More than 200,000 people have switched current account to Santander since September last year, according to recent figures from the Payments Council. Offering a combination of cashback on everyday household bills and interest on in-credit balances, is the 123 account worth the hype?
What’s the deal?
Capitalising on more and more UK bank account holders using the revamped seven-day Current Account Switch Service, Santander launched their enticing 123 products over two years ago. Since then, they’ve picked up the majority of switchers, offering a tiered system of cashback on bills, and interest for balances from £1,000. Here’s how it works:
You could get:
- 1% cashback on water and council tax bills (and on the first £1,000 of any Santander monthly residential mortgage payments)
- 2% cashback on gas and electricity bills
- 3% cashback on mobile and home phone bills, broadband and TV subscriptions
TV licenses, maintenance or insurance contracts and commercial mortgages are not eligible for cashback.
Pitching the account as an alternative to an easy access savings account, Santander’s 123 account offers interest on balances from £1,000 up to a huge £20,000. You could earn:
- 1% AER gross (variable) on balances from £1,000
- 2% AER / 1.98% gross (variable) on balances from £2,000
- 3% AER / 2.96% gross (variable) on balances from £3,000 to £20,000.
What you’d need to do
- There’s a £2 monthly fee to use the account, debited automatically.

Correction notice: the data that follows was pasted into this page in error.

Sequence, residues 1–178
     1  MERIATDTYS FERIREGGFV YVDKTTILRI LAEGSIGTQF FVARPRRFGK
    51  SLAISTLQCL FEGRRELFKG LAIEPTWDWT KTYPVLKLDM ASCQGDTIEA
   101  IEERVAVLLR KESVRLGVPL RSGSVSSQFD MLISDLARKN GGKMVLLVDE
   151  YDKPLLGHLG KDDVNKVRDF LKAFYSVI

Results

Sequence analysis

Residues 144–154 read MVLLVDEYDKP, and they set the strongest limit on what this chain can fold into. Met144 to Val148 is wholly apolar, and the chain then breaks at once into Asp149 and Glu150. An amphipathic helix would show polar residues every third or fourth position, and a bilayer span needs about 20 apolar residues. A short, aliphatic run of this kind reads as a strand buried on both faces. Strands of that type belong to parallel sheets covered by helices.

- To earn cashback, make sure you pay in at least £500 (transfers between Santander bank accounts don’t count), and you have at least two direct debits set up.
- To earn interest, you also need to have at least £1,000 of creditin your account – interest is calculated daily on balances from £1,000 to £20,000.
- Standard access to your account 24/7 through online, mobile and telephone banking, as well as a nationwide network of branches.
- Free text and email balance alerts
- Part of the Current Account Switch Service, Santander are equipped to manage a switchover in seven days from your previous current account provider with minimal hassle. The service also includes a guarantee for any charges or lost interest on the rare occasion that the switch hits a glitch.
- You’re looking for an easy access alternative to a savings account while rates are still quite low. The prospect of earning 2% AER on balances over £2,000 and 3% AER for £3,000 to £20,000 balances while easy access and ISA savings rates remain low is attractive. And you’d be free to move your money around if rates were to rise, and still have a functioning current account with cashback.
- You want to switch from a bog standard no-frills current account with another provider. The Santander 123 account offers one of the most enticing deals on the market, which is why they’ve stolen the biggest chunk of switchers. If you don’t mind paying the £2 a month fee, and you’re not bothered about using an overdraft, the cashback and interest could earn you a bit of cash.
Not so good if
- You occasionally dip into the red. Within the first four months after switching Santander waive fees on using a planned overdraft of any value, but after four months you’ll be charged £1 a day. Unarranged overdraft fees run at £6 per day, with a total overdraft fee cap each month of £95, however no interest is charged on overdrafts, planned or otherwise.
- Your savings are earning a better rate elsewhere, and you regularly drain your current account each month. Unless you regularly have more than £2,000 in your account to earn 2% AER, you might be better off stashing your excess money in savings accounts.
Please note: rates and details in this article were correct at the time of posting - please check with the product provider before applying.